Sorry for the long story, but thats how our team (during 4 months) proved to the manager and client that we are reliable, and just need the right environment.

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In all but trivial cases, you cannot 'prove' that your software is correct.

That's the role of User Acceptance Testing: to show that that an acceptable level of usefulness has been reached.

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How can users tell if you have a well behaved, yet unmaintainable, ball of mud? I think the question is about software quality, not usability. –  Daniel Paull Nov 16 '09 at 0:57
    
I've updated: I usd usability when the word I was looking for is usefulness. –  Mitch Wheat Nov 16 '09 at 1:25
    
The point I was trying to make is that UAT does not prove anything about the quality of the code as you have claimed. UAT merely provides anecdotal evidence that the software is "good enough" in the eyes of a user. –  Daniel Paull Nov 16 '09 at 2:23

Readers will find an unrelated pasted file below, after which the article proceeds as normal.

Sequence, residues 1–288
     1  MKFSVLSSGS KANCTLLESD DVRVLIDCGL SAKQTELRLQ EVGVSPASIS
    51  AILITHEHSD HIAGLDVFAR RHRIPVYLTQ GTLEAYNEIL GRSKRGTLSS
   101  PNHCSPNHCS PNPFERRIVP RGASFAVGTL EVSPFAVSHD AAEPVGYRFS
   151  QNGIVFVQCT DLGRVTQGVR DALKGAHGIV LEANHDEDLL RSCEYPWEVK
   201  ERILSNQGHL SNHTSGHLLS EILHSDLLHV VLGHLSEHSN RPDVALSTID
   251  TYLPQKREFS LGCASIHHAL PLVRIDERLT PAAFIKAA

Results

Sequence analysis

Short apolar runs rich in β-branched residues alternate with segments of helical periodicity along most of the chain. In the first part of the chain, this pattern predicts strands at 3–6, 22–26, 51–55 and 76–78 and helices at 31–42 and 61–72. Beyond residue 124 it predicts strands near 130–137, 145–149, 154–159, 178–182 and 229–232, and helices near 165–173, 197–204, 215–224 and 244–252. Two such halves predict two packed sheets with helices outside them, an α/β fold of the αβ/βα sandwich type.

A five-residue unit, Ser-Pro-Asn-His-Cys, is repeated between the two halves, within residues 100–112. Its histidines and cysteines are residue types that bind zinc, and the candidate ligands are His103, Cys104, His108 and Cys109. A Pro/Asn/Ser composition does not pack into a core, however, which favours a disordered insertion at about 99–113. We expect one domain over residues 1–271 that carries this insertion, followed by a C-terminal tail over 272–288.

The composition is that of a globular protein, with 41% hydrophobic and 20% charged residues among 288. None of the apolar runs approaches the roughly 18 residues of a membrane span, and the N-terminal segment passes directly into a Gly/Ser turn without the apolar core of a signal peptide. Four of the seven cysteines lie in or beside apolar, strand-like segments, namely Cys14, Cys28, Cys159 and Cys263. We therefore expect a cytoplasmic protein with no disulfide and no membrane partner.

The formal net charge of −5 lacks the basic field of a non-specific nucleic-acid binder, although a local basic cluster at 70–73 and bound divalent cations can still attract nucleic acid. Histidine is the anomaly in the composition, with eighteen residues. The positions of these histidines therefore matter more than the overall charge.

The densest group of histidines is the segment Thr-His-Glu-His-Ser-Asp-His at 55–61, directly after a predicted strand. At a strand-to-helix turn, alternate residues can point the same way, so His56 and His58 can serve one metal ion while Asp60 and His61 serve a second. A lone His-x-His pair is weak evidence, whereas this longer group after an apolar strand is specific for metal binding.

I think this is putting the cart before the horse. It's tantamount to a foot soldier trying to explain to the general what battle maneuvers are and why protecting your flanks is important. If management can't tell the difference between quality code and a big ball of mud, you're always going to end up delivering a big ball of mud.

Unfortunately it is completely impossible to "prove" that your software is working bug-free (the windows xp commercials always annoyed me by announcing "the most secure version of windows ever", that's impossible to prove at release). It's up to management to setup and enforce a QA process and establish metrics as to what a deliverable product actually looks like and what level of bugs or unexpected behaviors is acceptable in the final release.

That said, if you're a small team and set your own QA policies with little input from management I think it would be advantageous to write out a basic QA process and have management sign off on it. For our web apps we currently support 4 browsers -- and management knows this -- so when the application breaks in some obscure handheld browser everyone clearly understands that this is not something we designed the application to support. It also provides good leverage for hiring additional development or test resources when management decides it wants to start testing for x.